Refugee and migrant arrivals in Lesvos island, Greece, August 2015 (published in Forced Migration Review, January 2016)

Greece (population 10 million) has received 250,000 refugees and migrants this year, mainly in the islands of Lesvos, Kos, Samos, Chios, Leros, Kalymnos. Lesvos, population 85,000, has 13 million olive trees, 17 brands of ouzo, an island of poets, writers, painters, ceramics, sardines, cheese. More than 85,000 refugees and migrants have arrived in Lesvos this year up to the end of August.

They reach here from the coast of Turkey, around Ayvalik. They get there through a variety of routes. They concentrate in Izmir, from eastern Turkey, Istanbul or Mersin by bus. In Izmir they are distributed to get to different islands. They get to Mersin by ferry from Trablus in Lebanon, to Istanbul by plane from Beirut or Amman, or walk across the south eastern borders from Syria, Iran and Iraq. Syrians in their majority, recent refugees most of them, among them many Kurds and Palestinians. But also Iraqis from Baghdad, Mosul and Tikrit, who have passed through Jordan and by the time they get to Lesvos they register as Syrians hoping for ‘priority’ treatment. From Afghanistan, through Iran, walking and taking buses, taking a long time to get to the Turkish coast. Few Africans, from Eritrea and Somalia, through more complicated smuggler routes. Most people spend time waiting on the Turkish coast for their turn, often paying twice to cross, spending nights in the forests. Pakistanis –and some Syrians- that often have been smuggled into Greece before, worked for several years and are now returning, speaking the language. Most people know Greece is in crisis and that jobs are scarce.
The Syrians and Iraqis in their majority are graduates or artists, that found it hard to be torn from their homeland to, either a new life for them and their families, or to avoid the army draft. You will hardly hear the words Al Qaeda, Assad regime or ISIS, so popular in European and American analyses of the situation, when they speak about what drove them to take theperilous journey. There are people who have tried legal channels to reach the wealthier countries of Europe and North America: Canada, US, Germany. There are Palestinians from the West Bank, who cannot get visas to anywhere, joining the Syrians, who are obliged to register as such in order to make it out. There are people who book hotels through the internet to stay after they get their papers and while they wait for the ferry to leave and there are those that barely have enough to get to Athens. Improvised camps have been set up all over town in Mytiline (capital of Lesvos) and outside the three allocated areas. It is a huge pressure for the local population and authorities, already low on resources due to the economic crisis. No doubt, some make money from this situation. The sale of tents has skyrocketed. Fruit and water sellers at the camps charge inflated prices. But there is an outpour of volunteers from the villages together with foreign tourists, helping people when they disembark and are disoriented from the trip and traumatised from their experiences.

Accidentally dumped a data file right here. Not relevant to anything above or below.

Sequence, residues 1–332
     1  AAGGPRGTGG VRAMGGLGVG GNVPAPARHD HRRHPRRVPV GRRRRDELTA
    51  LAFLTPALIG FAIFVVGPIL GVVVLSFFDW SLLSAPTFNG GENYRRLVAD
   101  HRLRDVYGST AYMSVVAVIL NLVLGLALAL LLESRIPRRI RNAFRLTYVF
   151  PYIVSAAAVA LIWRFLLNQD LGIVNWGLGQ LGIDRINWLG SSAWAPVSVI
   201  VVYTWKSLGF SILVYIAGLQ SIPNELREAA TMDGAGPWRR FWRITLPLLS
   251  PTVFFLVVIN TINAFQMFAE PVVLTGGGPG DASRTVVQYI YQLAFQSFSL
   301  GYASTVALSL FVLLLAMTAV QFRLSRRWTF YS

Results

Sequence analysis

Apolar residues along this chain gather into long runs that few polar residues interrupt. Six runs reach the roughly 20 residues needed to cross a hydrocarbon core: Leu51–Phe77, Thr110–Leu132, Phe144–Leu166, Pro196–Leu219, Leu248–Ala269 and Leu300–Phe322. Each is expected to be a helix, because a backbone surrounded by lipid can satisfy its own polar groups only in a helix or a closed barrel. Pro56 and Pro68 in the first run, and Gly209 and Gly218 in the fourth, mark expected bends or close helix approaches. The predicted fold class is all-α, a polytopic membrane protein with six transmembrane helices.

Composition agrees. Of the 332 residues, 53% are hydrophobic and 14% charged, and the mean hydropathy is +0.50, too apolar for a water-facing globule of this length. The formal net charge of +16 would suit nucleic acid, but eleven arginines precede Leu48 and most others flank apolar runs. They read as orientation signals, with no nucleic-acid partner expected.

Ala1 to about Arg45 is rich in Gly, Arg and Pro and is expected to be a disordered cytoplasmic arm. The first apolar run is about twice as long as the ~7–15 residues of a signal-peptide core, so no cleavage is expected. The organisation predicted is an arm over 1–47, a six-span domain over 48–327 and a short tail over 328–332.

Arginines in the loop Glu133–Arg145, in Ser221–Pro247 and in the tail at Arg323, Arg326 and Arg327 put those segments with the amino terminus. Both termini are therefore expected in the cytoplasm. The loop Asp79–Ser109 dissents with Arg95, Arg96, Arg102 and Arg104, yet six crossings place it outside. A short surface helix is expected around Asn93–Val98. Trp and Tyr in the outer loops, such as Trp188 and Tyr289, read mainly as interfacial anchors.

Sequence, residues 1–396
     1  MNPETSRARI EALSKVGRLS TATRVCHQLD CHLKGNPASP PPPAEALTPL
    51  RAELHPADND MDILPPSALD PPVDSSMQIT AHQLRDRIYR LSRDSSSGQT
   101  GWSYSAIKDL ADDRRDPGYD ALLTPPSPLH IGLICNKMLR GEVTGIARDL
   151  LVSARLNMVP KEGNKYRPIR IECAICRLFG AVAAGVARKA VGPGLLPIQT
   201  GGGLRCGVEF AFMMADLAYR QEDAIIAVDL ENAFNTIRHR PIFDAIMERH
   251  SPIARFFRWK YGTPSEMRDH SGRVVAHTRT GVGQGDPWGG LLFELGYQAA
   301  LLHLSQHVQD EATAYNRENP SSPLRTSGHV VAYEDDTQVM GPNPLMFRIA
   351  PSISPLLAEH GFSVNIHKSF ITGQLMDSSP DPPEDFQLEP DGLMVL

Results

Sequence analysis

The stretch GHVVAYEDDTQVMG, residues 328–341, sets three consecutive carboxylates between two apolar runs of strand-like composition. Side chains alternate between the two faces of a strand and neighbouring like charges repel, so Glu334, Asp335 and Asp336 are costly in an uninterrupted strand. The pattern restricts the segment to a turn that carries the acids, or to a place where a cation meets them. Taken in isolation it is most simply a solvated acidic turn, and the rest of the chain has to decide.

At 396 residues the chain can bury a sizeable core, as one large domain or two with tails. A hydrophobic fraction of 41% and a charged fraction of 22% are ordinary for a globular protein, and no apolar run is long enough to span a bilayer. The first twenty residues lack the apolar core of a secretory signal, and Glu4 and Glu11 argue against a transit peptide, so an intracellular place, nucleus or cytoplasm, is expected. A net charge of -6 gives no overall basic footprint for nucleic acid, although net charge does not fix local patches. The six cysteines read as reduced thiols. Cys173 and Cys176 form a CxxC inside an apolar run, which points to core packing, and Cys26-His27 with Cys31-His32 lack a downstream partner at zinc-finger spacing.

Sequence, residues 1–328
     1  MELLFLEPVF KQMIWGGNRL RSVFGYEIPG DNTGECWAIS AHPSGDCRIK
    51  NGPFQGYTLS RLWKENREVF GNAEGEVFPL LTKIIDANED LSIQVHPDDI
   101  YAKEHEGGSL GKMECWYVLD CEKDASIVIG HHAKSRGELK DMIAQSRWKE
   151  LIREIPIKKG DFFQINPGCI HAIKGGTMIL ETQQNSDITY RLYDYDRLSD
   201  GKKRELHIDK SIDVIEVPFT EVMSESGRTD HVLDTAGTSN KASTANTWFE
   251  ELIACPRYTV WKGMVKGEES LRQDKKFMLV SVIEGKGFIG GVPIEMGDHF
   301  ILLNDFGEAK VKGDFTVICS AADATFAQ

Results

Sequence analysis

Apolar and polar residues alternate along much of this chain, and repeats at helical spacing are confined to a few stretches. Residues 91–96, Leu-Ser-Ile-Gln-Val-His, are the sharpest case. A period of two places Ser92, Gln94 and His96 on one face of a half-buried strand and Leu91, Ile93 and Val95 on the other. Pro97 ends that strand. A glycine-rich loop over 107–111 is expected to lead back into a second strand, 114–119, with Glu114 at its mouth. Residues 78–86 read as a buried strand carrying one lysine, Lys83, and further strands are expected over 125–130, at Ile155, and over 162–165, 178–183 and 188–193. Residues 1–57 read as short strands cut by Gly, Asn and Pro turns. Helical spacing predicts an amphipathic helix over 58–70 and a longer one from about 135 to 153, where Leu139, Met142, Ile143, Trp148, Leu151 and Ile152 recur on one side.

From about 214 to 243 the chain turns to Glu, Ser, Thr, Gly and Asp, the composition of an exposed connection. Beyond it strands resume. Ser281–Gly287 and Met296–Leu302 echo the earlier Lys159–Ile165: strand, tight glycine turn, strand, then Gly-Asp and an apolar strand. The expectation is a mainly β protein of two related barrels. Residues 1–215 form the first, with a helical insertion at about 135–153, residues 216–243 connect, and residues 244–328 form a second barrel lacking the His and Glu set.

They land at the north and east coasts of Lesvos where the distance from Turkey is at five nautical miles. They then have to walk the 45-60 km to town where the registration takes place. It is prohibited for private vehicles to give them a lift before they receive their registration papers. Even so, many locals do take old, injured or families with babies (often a few days old) and pregnant women, at the risk of arrest for violation of anti-trafficking laws. And there are taxi drivers that charge hundreds of euros to bring the refugees and migrants into town.
The road is lined with people, families, old people, sick and handicapped, young and strong. They arrive in the camps with blisters on their feet, dehydrated, having stepped on sea urchins when coming from the sea to the shore, some chronic diseases, pregnant women, small babies, head lice.